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Electrolyte Disorders: Causes, Symptoms, Diagnosis And Treatment

Electrolytes are substances that are present in the body and they are vital for regulating nerve and muscle function, balancing blood acidity, hydrating the body and help in rebuilding damaged tissues. Electrolytes are found in the blood, urine and bodily fluids. But, sometimes an imbalance in the electrolytes can lead to an electrolyte disorder, which we are going to discuss in this article.

What Causes Electrolyte Disorders [1]

The electrolytes that are naturally present in the body are sodium, calcium, chloride, phosphate, potassium, chloride, and magnesium. These electrolytes need to be stabilized for the proper functioning of the body. So, when there are too high or too low levels of electrolytes in the body, electrolyte disorder occurs.

For example, the muscles of the body require potassium, calcium and sodium to contract. When there is an imbalance in these electrolytes muscle weakness or excessive contraction in the muscles occurs.

This imbalance in electrolytes can occur due to various factors like diarrhoea, vomiting or sweating during exercise. And this can sometimes lead to serious problems like coma, seizures and cardiac arrest.

The exact cause may differ depending on the specific type of electrolyte disorder.

Types Of Electrolyte Disorders [2]

  • Calcium: Hypercalcemia (high calcium levels) and hypocalcemia (low calcium levels).
  • Magnesium: Hypermagnesemia (excess amount of magnesium) and hypomagnesemia (less amount of magnesium)
  • Potassium: Hyperkalemia (high levels of potassium) and hypokalemia (low levels of potassium)
  • Chloride: Hyperchloremia (excess chloride levels) and hypochloremia (inadequate chloride levels)
  • Phosphate: Hyperphosphatemia (high levels of phosphate) or hypophosphatemia (low levels of phosphate)
  • Sodium: Hypernatremia (high sodium levels) and hyponatremia ( low sodium levels)

Symptoms Of Electrolyte Disorders [3]

  • Rapid heartbeat
  • Fatigue
  • Nausea
  • Vomiting
  • Diarrhoea
  • Irregular heartbeat
  • Abdominal cramping
  • Irritability
  • Muscle weakness
  • Muscle cramps
  • Seizures
  • Headache
  • Numbness
  • Confusion

Risk Factors Of Electrolyte Disorders [1]

  • Kidney diseases
  • Thyroid disorders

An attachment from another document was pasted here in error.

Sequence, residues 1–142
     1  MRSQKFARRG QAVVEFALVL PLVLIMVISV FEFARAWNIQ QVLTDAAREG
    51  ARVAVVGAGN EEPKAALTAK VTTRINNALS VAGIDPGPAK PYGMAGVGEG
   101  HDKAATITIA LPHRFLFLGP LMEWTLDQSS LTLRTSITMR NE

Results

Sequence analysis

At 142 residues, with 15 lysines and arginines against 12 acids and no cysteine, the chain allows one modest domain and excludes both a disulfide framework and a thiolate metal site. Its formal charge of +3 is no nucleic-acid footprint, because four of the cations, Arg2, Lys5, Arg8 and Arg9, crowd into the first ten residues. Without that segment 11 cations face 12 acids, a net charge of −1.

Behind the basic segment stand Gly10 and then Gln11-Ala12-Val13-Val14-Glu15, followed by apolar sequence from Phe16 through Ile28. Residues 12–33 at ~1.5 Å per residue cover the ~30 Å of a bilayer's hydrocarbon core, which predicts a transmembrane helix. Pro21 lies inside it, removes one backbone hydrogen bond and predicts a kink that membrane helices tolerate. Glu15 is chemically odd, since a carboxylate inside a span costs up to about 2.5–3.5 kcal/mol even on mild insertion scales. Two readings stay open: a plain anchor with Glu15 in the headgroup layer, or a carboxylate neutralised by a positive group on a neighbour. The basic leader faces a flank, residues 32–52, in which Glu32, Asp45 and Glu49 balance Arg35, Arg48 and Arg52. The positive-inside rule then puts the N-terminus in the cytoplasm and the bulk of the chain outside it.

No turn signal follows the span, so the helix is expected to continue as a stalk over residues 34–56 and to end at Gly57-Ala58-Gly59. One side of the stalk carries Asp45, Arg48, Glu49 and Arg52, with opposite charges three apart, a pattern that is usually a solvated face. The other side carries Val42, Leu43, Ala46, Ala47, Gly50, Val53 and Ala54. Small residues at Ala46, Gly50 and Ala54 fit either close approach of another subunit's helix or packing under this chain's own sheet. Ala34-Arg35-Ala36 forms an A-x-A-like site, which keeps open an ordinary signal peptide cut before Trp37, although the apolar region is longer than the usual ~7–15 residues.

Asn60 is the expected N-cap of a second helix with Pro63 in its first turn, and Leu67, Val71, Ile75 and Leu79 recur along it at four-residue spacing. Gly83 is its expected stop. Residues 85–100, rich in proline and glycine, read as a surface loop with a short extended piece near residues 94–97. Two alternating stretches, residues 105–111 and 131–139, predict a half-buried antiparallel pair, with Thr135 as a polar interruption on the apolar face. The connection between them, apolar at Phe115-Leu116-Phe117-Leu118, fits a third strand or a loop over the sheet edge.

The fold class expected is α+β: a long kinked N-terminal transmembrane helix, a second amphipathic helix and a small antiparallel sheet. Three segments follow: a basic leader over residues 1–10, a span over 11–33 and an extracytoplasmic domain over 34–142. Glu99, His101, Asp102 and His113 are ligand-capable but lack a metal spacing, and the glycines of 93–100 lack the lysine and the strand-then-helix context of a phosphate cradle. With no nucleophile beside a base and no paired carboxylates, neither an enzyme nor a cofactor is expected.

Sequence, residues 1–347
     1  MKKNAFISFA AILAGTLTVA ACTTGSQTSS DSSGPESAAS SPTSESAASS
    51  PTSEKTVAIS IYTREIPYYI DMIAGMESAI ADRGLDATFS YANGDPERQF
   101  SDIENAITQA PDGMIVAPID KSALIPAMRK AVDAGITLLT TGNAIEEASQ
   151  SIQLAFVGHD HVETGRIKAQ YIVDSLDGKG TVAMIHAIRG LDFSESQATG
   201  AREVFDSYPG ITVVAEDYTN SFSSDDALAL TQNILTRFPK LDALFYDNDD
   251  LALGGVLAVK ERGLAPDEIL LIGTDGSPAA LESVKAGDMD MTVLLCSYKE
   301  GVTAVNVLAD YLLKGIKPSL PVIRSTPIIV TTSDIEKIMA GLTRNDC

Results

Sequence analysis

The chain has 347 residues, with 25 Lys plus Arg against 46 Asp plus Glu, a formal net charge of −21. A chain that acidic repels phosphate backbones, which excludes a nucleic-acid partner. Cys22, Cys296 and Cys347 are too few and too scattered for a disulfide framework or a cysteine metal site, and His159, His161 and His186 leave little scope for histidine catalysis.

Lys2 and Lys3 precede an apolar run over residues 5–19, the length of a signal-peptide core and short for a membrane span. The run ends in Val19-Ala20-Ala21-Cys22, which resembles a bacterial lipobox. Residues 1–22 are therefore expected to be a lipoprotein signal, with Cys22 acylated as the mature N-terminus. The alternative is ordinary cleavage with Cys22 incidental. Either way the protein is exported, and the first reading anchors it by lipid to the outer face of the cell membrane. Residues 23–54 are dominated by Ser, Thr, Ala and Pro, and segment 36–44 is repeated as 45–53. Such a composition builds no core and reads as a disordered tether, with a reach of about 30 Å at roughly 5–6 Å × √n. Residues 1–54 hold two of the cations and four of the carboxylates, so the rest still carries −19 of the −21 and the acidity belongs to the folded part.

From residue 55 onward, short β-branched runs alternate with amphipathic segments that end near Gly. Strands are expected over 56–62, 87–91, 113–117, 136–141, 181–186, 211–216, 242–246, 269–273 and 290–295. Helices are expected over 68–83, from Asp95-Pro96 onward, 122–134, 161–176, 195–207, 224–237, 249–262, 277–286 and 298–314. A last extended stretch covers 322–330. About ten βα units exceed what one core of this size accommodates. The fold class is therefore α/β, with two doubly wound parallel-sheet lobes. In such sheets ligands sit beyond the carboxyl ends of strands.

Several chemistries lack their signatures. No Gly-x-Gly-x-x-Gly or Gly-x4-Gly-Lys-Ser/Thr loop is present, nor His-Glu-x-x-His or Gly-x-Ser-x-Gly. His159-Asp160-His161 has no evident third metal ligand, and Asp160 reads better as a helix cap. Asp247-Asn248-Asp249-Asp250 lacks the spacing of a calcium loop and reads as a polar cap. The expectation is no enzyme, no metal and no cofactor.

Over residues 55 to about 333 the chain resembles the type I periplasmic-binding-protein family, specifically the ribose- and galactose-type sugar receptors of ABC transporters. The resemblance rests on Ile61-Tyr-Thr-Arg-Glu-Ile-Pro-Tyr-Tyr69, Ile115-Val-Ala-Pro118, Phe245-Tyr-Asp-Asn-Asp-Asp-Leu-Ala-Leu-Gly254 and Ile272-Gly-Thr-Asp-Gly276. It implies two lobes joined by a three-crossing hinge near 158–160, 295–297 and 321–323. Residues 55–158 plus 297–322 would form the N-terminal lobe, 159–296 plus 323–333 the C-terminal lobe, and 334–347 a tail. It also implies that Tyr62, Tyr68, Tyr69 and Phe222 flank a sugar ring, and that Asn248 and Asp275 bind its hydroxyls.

• Adrenal gland disorders
  • Alcohol use disorders
  • Congestive heart failure
  • Liver cirrhosis
  • Eating disorders
  • Trauma

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Diagnosis Of Electrolyte Disorders [4]

After the physical examination is done, some tests are recommended by the doctor which include the following:

  • Blood test - It evaluates the levels of electrolytes in the body.
  • Pinch test - The doctor pinches your skin to determine whether dehydration is affecting you.
  • Electrocardiogram (ECG) - The test is done to check for any irregular heartbeats or rhythm.

Treatment Of Electrolyte Disorders [5]

Oral medications

To treat chronic mineral abnormalities in the body, oral medications and supplements are prescribed. You may be prescribed certain medications and supplements like potassium chloride, magnesium oxide, calcium gluconate, or carbonate or citrate or lactate.

Having these medicines may help replace depleted electrolytes in the body.

Intravenous (IV) fluids

To treat excess dehydration in the body, which results from diarrhoea or vomiting intravenous fluids like sodium chloride are provided to rehydrate the body.


It is a type of dialysis that uses a machine to filter waste from the blood. This treatment procedure is used when the electrolyte disorder is caused by sudden kidney damage and when other treatments aren't working.

Prevention Of Electrolyte Disorders

  • Keep yourself hydrated if you are experiencing prolonged diarrhoea, vomiting and sweating.
  • Eat foods rich in essential vitamins and minerals.
  • Consume a moderate amount of sports drink after you exercise as it can help replace the lost electrolytes caused due to sweat.
View Article References
  1. [1] Liamis, G., Rodenburg, E. M., Hofman, A., Zietse, R., Stricker, B. H., & Hoorn, E. J. (2013). Electrolyte disorders in community subjects: prevalence and risk factors.The American journal of medicine,126(3), 256-263.
  2. [2] Balcı, A. K., Koksal, O., Kose, A., Armagan, E., Ozdemir, F., Inal, T., & Oner, N. (2013). General characteristics of patients with electrolyte imbalance admitted to emergency department.World journal of emergency medicine,4(2), 113-116.
  3. [3] Weiner, M., & Epstein, F. H. (1970). Signs and symptoms of electrolyte disorders.The Yale journal of biology and medicine,43(2), 76-109.
  4. [4] Ahmad, M. S., Wahid, A., Ahmad, M., Mahboob, N., & Mehmood, R. (2016). Prevalence of electrolyte disorders among cases of diarrhea with severe dehydration and correlation of electrolyte levels with age of the patients.Journal of the College of Physicians and Surgeons--Pakistan: JCPSP,26(5), 394-398.
  5. [5] Kraft, M. D., Btaiche, I. F., Sacks, G. S., & Kudsk, K. A. (2005). Treatment of electrolyte disorders in adult patients in the intensive care unit.American Journal of Health-System Pharmacy,62(16), 1663-1682.
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